3 Predictions for Cloud Data Science in 2020

2020 predictions cloud data science

As 2020 begins, there has been limited cloud data science announcements so I put together some predictions. Here are 3 things I believe will happen in 2020.

1. Cloud Collaboration

I think we are going to see more interoperability between the major cloud providers. For example, Azure Arc now allows you to run Azure products on a kubernetes container running anywhere (even in Amazon Web Services or Google Cloud) and AWS Outposts runs AWS on-premise.

Large enterprise organizations already have complex, multi-provider environments. It only makes sense for the big cloud providers to start working with each other. I think the days of choosing a single cloud provider are limited. Organizations need to move quickly and that means choosing the right cloud tools for the job, regardless of the provider. Organizations do not have the time to adopt a new cloud provider every time the requirements change.

2. AutoML Drama

I did not know what else to call this. Automated Machine Learning (AutoML) is really popular right now. If you are unfamiliar with the term, here is a description. AutoML is technique which takes raw data as an input and automatically creates a predictive model. It does model and feature selection automatically. It even does some feature engineer. Plus, it is only getting better as time goes by.

I believe 2020 will bring some large and possibly heated debates about using AutoML. It is a nice new technology with a ton of promise. However, the questions below will need to be addressed.

  • Is AutoML better than humans?
  • When should AutoML be used?
  • Does every project need AutoML?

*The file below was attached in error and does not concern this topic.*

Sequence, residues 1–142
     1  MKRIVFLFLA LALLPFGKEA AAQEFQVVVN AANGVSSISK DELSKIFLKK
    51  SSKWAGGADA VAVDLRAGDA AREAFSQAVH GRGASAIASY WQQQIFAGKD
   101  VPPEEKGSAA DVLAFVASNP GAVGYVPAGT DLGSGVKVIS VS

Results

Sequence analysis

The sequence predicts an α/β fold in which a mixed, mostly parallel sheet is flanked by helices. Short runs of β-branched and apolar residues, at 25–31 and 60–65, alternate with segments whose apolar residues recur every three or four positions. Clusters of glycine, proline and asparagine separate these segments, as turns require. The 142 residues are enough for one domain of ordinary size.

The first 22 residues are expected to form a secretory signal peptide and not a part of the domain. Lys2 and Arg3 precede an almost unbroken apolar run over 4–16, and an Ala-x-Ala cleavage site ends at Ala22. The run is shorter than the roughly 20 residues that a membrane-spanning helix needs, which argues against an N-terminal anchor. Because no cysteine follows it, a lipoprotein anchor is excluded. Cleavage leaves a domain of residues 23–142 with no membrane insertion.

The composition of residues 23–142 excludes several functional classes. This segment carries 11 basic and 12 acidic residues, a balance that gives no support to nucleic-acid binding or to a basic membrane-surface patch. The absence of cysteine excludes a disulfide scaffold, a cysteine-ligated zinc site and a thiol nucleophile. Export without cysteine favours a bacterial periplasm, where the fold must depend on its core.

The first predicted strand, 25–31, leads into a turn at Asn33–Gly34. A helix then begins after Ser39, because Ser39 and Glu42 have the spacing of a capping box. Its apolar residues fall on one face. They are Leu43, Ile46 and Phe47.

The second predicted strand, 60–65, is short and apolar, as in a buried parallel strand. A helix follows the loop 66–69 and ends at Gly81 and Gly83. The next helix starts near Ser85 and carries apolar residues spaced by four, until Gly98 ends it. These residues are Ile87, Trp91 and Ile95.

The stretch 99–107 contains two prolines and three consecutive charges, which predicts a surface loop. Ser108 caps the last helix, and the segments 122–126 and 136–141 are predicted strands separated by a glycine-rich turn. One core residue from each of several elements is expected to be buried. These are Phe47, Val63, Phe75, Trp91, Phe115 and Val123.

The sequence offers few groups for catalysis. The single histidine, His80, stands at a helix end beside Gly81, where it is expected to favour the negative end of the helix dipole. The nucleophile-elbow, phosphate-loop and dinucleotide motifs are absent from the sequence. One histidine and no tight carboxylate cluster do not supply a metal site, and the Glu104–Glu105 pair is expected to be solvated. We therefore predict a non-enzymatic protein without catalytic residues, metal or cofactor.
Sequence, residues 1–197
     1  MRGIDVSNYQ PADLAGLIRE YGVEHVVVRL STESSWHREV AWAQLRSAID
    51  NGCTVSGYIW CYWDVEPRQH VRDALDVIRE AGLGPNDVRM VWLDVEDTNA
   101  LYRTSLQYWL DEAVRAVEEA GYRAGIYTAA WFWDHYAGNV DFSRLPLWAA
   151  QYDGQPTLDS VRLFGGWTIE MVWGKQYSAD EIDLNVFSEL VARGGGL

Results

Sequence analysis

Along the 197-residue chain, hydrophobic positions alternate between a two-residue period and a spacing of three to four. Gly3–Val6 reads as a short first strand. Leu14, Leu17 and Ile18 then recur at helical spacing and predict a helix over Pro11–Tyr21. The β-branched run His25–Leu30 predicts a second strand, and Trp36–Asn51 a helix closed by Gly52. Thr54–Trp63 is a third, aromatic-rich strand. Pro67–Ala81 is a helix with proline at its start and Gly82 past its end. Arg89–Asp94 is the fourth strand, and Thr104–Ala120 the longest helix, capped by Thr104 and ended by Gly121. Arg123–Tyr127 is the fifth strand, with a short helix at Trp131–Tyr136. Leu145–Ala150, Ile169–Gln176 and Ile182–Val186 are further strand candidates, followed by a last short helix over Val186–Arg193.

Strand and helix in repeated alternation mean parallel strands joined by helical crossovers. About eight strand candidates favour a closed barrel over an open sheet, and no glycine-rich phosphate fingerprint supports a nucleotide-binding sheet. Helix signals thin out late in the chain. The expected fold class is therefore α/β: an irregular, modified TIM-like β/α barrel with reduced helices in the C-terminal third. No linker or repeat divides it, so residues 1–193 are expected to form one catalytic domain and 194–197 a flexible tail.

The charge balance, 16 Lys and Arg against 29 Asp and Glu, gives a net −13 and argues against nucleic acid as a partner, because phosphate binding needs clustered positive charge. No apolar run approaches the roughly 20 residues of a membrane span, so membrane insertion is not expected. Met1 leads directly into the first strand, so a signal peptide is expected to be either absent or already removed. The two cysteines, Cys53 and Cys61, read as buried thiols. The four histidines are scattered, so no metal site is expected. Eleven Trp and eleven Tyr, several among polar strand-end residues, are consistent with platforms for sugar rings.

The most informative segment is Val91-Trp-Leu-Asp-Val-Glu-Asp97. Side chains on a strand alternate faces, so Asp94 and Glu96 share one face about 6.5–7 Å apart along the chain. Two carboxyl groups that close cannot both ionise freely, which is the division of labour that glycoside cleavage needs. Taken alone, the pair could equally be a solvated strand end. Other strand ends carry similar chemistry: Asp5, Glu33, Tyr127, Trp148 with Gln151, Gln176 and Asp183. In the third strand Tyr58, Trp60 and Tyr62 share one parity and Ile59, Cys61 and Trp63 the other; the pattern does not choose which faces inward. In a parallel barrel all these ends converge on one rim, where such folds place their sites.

• What is AutoML good at?
  • Will AutoML replace data scientists?

3. A move away from Jupyter Notebooks

Wait, Wait, before you send me some unkind messages, please hear me out. Jupyter notebooks were created as an environment for data scientists to quickly run analysis and share results and code with others. Jupyter is awesome for that, and it is way better than dealing with software installations and out-dated versions.

However, because of its success amongst data scientists, it has become an enterprise tool. It nows does the following things:

  • Code reuse between projects
  • Setup a deployment pipeline
  • Integrate with source control
  • Auto-scheduling jobs

Unfortunately, I don’t feel it does those things well. Jupyter notebooks were not designed for those tasks and they were tacked on after it was built and they appear a bit clunky. Thus, I believe 2020 will bring some better tools for doing enterprise data science. I don’t know if it will be via an IDE or some other tool, but I think something new is coming.

I did make a video with my thoughts on the same topic.

About Ryan Swanstrom

Creator of Data Science 101

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